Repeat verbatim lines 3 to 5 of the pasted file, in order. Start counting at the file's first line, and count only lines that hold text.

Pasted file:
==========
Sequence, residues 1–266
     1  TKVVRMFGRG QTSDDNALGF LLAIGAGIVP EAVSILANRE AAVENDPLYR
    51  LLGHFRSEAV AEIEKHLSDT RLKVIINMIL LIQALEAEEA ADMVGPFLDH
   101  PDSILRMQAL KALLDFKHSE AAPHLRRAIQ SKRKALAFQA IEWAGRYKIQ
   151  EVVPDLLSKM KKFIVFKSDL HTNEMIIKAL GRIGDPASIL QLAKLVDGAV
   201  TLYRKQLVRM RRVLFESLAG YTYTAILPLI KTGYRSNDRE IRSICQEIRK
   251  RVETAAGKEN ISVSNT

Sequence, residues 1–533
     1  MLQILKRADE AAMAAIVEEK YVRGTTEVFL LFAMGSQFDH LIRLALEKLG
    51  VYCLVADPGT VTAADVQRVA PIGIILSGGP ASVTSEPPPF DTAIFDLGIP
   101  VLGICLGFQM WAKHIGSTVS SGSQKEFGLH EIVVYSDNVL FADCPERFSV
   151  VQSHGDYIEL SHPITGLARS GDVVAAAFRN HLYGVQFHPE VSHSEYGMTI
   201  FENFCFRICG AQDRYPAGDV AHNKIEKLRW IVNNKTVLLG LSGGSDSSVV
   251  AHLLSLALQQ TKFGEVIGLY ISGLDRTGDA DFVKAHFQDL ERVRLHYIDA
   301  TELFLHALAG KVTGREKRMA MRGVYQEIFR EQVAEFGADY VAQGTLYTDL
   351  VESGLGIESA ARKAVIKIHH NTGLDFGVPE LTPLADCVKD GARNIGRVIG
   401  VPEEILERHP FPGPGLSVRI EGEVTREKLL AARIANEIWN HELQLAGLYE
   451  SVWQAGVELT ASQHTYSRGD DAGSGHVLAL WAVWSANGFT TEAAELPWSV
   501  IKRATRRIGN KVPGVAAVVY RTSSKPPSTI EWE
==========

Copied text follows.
    51  LLGHFRSEAV AEIEKHLSDT RLKVIINMIL LIQALEAEEA ADMVGPFLDH
   101  PDSILRMQAL KALLDFKHSE AAPHLRRAIQ SKRKALAFQA IEWAGRYKIQ
   151  EVVPDLLSKM KKFIVFKSDL HTNEMIIKAL GRIGDPASIL QLAKLVDGAV